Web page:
The sandbox just got bigger – taking advantage of the network

I ran across a quote (emphasis added) yesterday in  a post on Rowan Simpson’s blog where he was summarizing his time at Webstock.

Tom Cotes, who gave the best explanations I’ve heard to date for why it’s important to think outside of your own little sandbox. Succeeding online means thinking about how to take advantages of the network rather than just simply trying to build the best website.

I love this quote.  In fact I’ve printed it off and put it on my wall.  The Internet has changed and is changing and while it’s always been a network of computers, it’s moving toward a network of interconnected people and websites.

So in building a website or revamping one, the question can’t be “how do we draw everyone here and keep them here” but how do we produce content, or features that fit into the daily lives of Internet users?

Now, there might be some Goliath sites may not have to conform to these new “rules” as immediately because of their sheer magnitude, but take newspapers for example.  Here in Knoxville our local paper is owned by Scripps, and they’ve attempted to bring about a  social-media-esque way of working with the news.  They didn’t do this because this is what they were used to. They do it because they have to do it to compete.

For Abunga this means, where and how can we leverage the power of the network? It involves asking, is this feature networkable?

We’ve got a great site, but how do we plug into that network so it’s easier for you to use us?

What do you think?  Is he off base?  Am I off base?


5 Responses to “The sandbox just got bigger – taking advantage of the network”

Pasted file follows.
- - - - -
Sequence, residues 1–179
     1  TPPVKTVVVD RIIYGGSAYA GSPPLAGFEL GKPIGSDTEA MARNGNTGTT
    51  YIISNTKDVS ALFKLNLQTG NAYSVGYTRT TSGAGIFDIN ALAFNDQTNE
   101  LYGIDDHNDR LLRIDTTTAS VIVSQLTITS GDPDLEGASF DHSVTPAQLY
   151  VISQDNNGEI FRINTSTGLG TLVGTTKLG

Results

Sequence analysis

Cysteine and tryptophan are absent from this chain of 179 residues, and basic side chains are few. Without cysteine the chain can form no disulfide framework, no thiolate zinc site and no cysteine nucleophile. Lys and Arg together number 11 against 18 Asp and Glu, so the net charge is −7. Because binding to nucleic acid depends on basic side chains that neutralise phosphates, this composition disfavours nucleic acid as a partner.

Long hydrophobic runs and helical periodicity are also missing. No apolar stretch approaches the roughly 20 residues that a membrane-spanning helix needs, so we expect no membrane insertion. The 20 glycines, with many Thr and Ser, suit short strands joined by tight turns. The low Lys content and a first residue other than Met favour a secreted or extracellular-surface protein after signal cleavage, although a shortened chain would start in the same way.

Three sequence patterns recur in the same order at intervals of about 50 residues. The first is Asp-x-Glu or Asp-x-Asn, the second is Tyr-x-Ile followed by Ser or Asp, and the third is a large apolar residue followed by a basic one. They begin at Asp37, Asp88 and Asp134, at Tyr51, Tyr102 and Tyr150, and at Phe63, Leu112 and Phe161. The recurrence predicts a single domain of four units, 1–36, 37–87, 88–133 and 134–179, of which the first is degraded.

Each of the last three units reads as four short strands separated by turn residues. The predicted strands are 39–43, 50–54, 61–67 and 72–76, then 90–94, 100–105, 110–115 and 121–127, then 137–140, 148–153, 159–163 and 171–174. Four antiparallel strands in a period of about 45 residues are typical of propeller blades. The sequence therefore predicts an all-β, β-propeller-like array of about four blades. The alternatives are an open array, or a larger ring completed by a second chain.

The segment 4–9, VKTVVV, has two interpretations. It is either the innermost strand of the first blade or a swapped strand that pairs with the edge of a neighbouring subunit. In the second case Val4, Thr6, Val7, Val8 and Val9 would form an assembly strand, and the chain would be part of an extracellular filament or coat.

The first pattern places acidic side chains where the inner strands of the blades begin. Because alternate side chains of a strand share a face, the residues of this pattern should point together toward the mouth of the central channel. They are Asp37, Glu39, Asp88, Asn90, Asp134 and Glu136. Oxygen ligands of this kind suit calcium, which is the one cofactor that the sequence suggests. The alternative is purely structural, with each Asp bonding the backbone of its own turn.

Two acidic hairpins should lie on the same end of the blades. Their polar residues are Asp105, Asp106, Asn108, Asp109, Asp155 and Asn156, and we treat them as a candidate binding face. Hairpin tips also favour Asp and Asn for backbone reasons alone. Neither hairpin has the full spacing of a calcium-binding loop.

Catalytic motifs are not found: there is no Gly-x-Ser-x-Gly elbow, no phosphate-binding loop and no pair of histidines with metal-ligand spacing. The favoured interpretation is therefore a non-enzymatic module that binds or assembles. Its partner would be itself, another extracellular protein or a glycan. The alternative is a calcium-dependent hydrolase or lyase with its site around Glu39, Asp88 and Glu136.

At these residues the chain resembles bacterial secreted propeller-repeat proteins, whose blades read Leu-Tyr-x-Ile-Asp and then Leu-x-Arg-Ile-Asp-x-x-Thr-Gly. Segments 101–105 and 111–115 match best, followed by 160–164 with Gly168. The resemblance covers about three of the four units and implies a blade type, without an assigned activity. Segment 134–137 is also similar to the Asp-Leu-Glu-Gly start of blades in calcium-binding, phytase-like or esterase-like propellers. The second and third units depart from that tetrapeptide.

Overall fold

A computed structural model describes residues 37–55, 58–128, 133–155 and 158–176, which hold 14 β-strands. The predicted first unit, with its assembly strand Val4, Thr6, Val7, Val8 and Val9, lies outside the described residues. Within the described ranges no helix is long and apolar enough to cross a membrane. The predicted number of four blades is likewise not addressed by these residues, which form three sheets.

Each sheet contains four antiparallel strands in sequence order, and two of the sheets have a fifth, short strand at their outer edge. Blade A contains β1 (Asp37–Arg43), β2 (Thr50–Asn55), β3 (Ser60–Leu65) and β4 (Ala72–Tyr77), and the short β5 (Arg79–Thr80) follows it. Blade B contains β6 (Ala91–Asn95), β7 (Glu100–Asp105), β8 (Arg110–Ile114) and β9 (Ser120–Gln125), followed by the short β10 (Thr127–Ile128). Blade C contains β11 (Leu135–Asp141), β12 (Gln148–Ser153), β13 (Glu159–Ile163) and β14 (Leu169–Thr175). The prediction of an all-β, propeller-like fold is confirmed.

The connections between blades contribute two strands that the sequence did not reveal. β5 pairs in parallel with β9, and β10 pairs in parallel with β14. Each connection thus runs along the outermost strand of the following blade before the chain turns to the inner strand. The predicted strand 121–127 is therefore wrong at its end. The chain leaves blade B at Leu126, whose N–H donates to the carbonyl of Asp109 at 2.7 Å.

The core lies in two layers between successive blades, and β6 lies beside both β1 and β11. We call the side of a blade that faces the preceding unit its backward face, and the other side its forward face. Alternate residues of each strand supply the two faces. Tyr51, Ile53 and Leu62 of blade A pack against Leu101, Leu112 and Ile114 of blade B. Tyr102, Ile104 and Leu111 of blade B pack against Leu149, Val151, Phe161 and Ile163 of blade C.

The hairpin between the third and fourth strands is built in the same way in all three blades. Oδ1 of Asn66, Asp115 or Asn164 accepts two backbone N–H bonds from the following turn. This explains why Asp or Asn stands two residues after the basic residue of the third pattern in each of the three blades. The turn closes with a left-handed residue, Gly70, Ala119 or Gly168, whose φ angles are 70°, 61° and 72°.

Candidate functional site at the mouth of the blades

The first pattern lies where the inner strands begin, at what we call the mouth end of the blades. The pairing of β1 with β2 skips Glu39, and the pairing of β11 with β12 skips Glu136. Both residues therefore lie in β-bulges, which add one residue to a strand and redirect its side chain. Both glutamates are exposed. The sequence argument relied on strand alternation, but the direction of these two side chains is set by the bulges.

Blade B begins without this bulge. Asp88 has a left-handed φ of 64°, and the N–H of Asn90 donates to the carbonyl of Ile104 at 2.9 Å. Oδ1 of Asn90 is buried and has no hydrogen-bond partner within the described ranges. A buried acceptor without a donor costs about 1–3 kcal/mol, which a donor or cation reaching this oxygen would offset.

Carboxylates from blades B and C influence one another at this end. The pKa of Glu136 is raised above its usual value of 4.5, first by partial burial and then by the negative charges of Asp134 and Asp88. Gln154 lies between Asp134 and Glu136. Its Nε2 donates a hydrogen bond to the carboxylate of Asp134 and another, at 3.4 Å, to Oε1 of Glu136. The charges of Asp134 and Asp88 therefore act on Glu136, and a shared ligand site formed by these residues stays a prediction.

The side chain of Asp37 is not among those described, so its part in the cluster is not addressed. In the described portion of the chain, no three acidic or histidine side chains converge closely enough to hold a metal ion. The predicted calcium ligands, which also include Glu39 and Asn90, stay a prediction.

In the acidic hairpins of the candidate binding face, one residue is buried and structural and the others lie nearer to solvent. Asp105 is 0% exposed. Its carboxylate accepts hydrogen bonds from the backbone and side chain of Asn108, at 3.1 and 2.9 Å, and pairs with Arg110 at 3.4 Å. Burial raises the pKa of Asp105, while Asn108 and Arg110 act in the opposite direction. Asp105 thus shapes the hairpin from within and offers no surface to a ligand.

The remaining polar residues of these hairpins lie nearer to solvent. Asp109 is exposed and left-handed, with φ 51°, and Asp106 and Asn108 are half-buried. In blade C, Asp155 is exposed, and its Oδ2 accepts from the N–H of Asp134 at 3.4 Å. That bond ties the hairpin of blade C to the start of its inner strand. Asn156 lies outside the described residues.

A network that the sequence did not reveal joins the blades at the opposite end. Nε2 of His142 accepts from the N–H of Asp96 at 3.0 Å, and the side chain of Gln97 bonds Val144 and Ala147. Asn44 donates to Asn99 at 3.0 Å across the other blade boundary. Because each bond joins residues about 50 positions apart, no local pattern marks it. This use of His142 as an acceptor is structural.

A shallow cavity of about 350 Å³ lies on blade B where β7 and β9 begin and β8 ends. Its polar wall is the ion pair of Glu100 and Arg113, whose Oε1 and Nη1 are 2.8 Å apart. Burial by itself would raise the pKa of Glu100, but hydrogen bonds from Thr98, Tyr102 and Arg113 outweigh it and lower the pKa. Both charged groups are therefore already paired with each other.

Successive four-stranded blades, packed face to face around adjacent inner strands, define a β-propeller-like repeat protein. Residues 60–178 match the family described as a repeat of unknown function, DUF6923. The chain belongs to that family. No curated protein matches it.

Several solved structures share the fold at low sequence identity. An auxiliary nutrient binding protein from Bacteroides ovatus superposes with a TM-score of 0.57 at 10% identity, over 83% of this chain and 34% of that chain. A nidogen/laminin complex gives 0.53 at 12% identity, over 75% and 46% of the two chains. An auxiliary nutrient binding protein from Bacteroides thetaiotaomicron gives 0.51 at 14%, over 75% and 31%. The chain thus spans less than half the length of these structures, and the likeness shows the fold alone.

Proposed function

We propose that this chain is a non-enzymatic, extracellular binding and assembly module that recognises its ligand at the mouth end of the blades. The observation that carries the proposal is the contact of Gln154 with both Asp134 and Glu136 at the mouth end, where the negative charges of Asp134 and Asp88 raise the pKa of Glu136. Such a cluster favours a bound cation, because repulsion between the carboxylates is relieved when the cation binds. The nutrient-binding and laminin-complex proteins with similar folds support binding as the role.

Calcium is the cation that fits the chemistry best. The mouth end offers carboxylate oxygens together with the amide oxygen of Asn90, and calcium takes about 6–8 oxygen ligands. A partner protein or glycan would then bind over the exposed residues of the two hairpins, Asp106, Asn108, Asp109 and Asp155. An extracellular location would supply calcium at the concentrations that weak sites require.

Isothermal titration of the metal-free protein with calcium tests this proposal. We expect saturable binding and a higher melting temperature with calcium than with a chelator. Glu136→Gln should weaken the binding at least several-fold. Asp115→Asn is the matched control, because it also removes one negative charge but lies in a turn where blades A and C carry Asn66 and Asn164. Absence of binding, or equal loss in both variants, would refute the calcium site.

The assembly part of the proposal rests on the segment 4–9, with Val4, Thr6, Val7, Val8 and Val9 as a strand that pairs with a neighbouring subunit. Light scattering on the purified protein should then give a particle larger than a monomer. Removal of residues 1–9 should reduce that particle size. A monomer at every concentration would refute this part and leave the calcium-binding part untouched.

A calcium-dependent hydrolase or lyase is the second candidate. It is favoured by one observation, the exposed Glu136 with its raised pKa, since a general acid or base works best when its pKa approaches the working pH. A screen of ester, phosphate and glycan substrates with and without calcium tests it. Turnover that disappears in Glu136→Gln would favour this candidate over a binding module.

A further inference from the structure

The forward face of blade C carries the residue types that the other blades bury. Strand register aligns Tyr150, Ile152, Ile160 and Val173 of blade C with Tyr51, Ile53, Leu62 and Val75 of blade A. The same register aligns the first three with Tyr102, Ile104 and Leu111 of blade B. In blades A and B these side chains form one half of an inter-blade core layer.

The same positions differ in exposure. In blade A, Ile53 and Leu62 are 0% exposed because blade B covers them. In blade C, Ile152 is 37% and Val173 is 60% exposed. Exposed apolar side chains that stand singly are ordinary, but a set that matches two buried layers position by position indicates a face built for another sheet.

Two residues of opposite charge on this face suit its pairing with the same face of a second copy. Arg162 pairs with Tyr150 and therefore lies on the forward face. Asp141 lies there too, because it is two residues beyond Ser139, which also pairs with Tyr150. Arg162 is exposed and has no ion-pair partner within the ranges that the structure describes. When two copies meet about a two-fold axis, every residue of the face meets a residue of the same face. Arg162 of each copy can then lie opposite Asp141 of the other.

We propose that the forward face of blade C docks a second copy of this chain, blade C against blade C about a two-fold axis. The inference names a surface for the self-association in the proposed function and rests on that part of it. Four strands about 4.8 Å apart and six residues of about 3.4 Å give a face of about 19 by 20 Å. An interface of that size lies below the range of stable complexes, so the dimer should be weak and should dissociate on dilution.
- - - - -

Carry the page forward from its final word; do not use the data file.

1. 1 rowan February 20, 2008 at 1:57 pm

    Thanks Gavin.

    If I’d known this quote was going to end up printed out and hanging on a wall I might have taken more time over it!


  2. 2 gbaker February 21, 2008 at 9:20 am

    I liked it just how it was! Seriously, it really words on paper of some thoughts I’ve had for a while. Thanks.

  3. 3 Casey February 25, 2008 at 2:21 pm


    In my opinion and from my experiences your core user group drives the social capital your site, Abunga is this case, develops over time. A much simplere answer is: Bring in the people you want to your community, engage them and feed them with information and culture. Over time, they’ll be the largest factor for why others visit your site and stick around (or leave).


  4. 4 gbaker February 27, 2008 at 10:43 am


    Thanks for your post. Great point about the community becoming the largest factor while people come back.



  5. 5 bradyquinnimages September 6, 2012 at 2:11 pm PC, config, windows, windows 8, windows 7, windows xp, Операционная система, ос, Linux, Mac OS,
    Сетевые подключения, Wi-Fi, ADSL, Сетевые карты, Спутниковый интернет, Роутеры, свичи, Браузеры,
    Антивирусы, Офисные, Аудио-вдиео, Запись CD-DVD, Драйверы, софт, программы, оформление, microsoft

Leave a Reply

Fill in your details below or click an icon to log in: Logo

You are commenting using your account. Log Out /  Change )

Google photo

You are commenting using your Google account. Log Out /  Change )

Twitter picture

You are commenting using your Twitter account. Log Out /  Change )

Facebook photo

You are commenting using your Facebook account. Log Out /  Change )

Connecting to %s

My Flickr Photos


%d bloggers like this: